Flights & getting there
Ireland's capital and biggest city is the most important point of entry and departure for the country – almost all airlines fly in and out of Dublin Airport. Ferries from the UK arrive at the Dublin Port terminal, while ferries from France arrive in the southern port of Rosslare. Dublin is also the nation's primary rail hub. Flights, cars and tours can be booked online at lonelyplanet.com/bookings.
Dublin Airport is 13km north of the city centre and has two terminals: most international flights (including most US flights) use Terminal 2; Ryanair and select others use Terminal 1. Both terminals have the usual selection of pubs, restaurants, shops, ATMs and car-hire desks.
There are direct flights to Dublin from all major European centres (including many options from the UK) and from Atlanta, Boston, Charlotte, Chicago, Los Angeles, New York, Orlando, Philadelphia, San Francisco and Washington, DC in the USA. Flights from further afield (Australasia and Africa) are usually routed through another European hub such as London; one recently introduced exception is a direct service from Addis Ababa.
Most airlines have walk-up counters at Dublin Airport; those that don't have counters have their ticketing handled by other airlines.
There is no train service from the airport to the city centre.
It takes about 45 minutes to get into the city by bus.
Aircoach Private coach service with three routes from the airport to more than 20 destinations throughout the city, including the main streets of the city centre. Coaches run every 10 to 15 minutes between 6am and midnight, then hourly from midnight until 6am.
Airlink Express Coach Bus 747 runs every 10 to 20 minutes from 5.45am to 12.30am between the airport, the central bus station (Busáras) and the Dublin Bus office on Upper O'Connell St. Bus 757 runs every 15 to 30 minutes from 5am to 12.25am between the airport and various stops in the city, including Grand Canal Dock, Merrion Sq and Camden St.
Dublin Bus A number of buses serve the airport from various points in Dublin, including buses 16 (Rathfarnham), 41 (Lower Abbey St) and 102 (Sutton/Howth); all cross the city centre on their way to the airport.
There is a taxi rank directly outside the arrivals concourse of both terminals. It should take about 45 minutes to get into the city centre by taxi, and cost around €25, including an initial charge of €3.80 (€4.20 between 10pm and 8am and on Sundays and bank holidays). Make sure the meter is switched on.
Dublin Port Terminal
The Dublin Port Terminal is 3km northeast of the city centre.
Operators serve the following routes:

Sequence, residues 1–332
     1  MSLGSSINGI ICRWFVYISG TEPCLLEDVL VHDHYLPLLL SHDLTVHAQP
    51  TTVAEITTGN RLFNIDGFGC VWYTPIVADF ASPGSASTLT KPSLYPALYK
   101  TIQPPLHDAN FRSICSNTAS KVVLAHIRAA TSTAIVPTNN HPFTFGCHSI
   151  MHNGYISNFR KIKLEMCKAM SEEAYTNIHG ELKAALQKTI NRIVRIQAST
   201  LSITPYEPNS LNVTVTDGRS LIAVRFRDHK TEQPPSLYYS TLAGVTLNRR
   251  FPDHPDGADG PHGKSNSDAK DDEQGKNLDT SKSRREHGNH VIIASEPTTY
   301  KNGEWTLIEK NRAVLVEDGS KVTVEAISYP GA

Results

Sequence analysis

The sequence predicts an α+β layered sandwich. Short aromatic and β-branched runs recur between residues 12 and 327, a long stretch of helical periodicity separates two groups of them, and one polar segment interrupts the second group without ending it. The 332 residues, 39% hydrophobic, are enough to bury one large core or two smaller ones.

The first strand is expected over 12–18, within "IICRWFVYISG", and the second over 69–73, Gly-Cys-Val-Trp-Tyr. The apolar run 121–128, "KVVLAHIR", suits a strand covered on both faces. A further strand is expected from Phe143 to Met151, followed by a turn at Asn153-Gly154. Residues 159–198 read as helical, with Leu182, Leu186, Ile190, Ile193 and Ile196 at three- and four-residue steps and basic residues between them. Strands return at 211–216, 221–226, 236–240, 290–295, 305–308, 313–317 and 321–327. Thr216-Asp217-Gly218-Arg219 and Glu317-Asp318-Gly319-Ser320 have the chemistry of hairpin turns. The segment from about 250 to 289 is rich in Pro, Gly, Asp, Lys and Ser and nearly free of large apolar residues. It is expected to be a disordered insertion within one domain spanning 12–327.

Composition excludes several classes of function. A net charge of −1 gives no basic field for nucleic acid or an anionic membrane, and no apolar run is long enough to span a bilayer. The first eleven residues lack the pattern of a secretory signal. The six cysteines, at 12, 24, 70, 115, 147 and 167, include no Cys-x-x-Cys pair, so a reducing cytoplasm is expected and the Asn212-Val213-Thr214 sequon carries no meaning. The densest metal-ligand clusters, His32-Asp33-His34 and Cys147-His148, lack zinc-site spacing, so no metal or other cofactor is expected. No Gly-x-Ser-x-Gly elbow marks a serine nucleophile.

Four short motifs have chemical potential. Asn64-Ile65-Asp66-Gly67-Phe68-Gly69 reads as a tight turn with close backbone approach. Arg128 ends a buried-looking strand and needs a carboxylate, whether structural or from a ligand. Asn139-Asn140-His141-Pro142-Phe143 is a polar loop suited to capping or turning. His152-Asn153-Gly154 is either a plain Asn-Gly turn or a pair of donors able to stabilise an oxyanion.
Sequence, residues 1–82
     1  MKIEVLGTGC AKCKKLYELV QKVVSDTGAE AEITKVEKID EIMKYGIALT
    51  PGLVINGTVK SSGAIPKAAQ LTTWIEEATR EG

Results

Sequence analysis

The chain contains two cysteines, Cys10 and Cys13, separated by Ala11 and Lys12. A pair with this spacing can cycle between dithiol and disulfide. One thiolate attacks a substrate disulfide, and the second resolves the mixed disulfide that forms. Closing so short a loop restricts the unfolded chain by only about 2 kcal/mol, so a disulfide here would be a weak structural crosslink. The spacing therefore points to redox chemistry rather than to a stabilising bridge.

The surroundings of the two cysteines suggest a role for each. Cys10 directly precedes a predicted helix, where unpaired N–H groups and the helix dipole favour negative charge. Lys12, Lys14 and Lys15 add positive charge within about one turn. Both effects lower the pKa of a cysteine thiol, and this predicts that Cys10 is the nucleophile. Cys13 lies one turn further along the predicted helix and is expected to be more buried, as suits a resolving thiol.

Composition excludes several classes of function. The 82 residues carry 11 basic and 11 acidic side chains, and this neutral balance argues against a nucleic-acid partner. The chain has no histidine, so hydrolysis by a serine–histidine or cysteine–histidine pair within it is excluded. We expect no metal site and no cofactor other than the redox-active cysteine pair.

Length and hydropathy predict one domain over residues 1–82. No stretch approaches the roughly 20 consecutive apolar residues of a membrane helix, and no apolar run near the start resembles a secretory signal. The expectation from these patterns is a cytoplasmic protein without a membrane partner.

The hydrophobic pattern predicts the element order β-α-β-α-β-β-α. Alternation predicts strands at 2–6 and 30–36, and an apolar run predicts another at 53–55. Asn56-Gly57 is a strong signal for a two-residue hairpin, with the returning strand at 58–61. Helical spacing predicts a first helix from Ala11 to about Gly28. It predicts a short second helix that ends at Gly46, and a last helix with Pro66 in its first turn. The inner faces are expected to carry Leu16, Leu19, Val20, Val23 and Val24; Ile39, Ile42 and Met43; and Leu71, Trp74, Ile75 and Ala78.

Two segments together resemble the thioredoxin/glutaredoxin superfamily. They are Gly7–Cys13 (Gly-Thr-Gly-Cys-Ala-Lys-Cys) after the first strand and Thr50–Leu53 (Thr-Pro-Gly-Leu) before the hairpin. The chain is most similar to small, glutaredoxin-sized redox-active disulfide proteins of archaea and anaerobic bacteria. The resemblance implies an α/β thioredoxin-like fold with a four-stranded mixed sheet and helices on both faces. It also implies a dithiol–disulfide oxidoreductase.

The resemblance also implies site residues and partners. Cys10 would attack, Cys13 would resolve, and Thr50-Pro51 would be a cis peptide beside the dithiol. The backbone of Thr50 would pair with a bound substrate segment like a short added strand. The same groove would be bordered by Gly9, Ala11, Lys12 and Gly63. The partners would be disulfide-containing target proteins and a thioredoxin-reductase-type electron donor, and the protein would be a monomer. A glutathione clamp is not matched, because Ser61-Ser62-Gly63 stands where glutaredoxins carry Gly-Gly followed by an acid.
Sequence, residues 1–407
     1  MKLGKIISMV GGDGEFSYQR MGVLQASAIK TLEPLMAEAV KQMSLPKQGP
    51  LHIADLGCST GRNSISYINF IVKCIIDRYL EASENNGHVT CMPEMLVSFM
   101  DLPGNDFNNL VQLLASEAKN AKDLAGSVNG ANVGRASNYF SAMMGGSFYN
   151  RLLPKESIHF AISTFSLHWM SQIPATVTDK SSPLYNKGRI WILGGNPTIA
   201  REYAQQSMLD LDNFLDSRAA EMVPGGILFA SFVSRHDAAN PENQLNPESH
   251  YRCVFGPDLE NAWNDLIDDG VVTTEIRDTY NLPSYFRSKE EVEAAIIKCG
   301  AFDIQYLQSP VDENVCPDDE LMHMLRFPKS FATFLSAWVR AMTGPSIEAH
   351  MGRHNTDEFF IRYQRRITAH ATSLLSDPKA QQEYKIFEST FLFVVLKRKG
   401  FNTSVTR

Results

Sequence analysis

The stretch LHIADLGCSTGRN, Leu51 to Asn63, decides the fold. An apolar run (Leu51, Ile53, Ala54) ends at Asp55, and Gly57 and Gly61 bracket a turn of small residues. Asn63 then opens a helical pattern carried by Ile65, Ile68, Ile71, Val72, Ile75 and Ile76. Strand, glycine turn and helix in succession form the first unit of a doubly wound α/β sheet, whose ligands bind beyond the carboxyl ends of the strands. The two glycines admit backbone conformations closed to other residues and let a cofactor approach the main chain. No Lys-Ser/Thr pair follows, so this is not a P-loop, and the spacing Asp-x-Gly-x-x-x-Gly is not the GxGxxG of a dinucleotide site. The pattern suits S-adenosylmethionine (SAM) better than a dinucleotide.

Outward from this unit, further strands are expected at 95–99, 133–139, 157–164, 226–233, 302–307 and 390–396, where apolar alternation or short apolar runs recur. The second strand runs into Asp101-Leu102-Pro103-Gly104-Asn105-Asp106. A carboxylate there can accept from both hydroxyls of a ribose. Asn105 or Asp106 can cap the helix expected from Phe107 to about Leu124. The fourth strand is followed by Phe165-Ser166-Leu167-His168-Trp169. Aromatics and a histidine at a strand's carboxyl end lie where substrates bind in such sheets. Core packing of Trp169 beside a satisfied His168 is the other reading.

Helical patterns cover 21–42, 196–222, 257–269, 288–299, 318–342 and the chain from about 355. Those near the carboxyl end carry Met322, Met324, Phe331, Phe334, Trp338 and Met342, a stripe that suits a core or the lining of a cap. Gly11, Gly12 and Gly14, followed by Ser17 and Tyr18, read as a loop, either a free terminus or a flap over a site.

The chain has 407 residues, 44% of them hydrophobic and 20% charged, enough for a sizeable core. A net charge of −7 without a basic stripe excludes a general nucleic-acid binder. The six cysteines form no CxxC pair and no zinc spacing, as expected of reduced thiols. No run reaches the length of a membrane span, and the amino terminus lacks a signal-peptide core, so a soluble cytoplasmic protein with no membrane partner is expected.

Irish Ferries Holyhead, Wales (€200 return, three hours)
P&O Irish Sea Liverpool, England (€180 return, 8½ hours, or four hours by fast boat)
Isle of Man Steam Packet Company/Sea Cat Isle of Man (€110 return, 1½ hours)
An express bus transfer to and from Dublin Port is operated by Morton's Bus, leaving from Westmoreland St and timed to coincide with ferry departures. Otherwise, regular bus 53 serves the port from Talbot St. Inbound ferries are met by timed bus services that run to the city centre.
Feature: Greener Arrivals
Although the vast majority of visitors will enter and exit Dublin via the airport, you can do your bit for the environment and arrive by boat – and have a bit of an adventure along the way. From Britain it's a cinch: you can buy a combined train-and-ferry ticket (known as SailRail) for under €50 (see www.irishrail.ie for travel from Ireland or www.thetrainline.com for travel from the UK). Or if you're really on a budget, get a bus-and-ferry ticket – from London it won't cost you more than the price of a meal.
You can also arrive at another Irish port. Rosslare in County Wexford has ferry services from France and southwestern Britain, while Larne, a short hop outside Belfast, is served from Stranraer in Scotland. Not only will you get to Dublin easily enough, but you can do some exploring on the way.
Dublin's central bus station, Busáras is just north of the River Liffey, behind the Custom House. It has different-sized luggage lockers costing from €6 to €10 per day.
It's possible to combine bus and ferry tickets from major UK centres to Dublin on the bus network. The journey between London and Dublin takes about 12 hours and costs from €32 return (but note it's €47 one way). For more London details, contact Eurolines.
From here, Bus Éireann serves the whole national network, including buses to towns and cities in Northern Ireland.
Car & Motorcycle
Road access to and from Dublin is pretty straightforward. A network of motorways radiates outward from the M50 ring road that surrounds Dublin, serving the following towns and cities:
M1 North to Drogheda, Dundalk and Belfast
M3 Northwest to Navan, Cavan and Donegal
M4 West to Galway and Sligo
M7 Southwest to Limerick; also (via M8) to Cork
M9 Southeast to Kilkenny and Waterford
M11 Southeast to Wexford
There are tolls on limited sections of most motorways, costing between €1.40 and €2.90 for a car and between €0.70 and €1.50 for a motorcycle. The M50 ring road has a barrier-free toll between junctions 6 and 7 (crossing the Liffey): vehicles not registered with with e-tags are charged €3.10; motorcycles are free.
Many rental cars come equipped with tags that automatically take account of M50 charges and add them to your final bill (a sticker on the rental car will indicate it); otherwise, go to www.eflow.ie and pay the toll before 8pm the following day to avoid penalties.
All trains in the Republic are run by Irish Rail. Dublin has two main train stations: Heuston Station, on the western side of town near the Liffey; and Connolly Station, a short walk northeast of Busáras, behind the Custom House.
Connolly Station is a stop on the DART line into town; the Luas Red Line serves both Connolly and Heuston stations.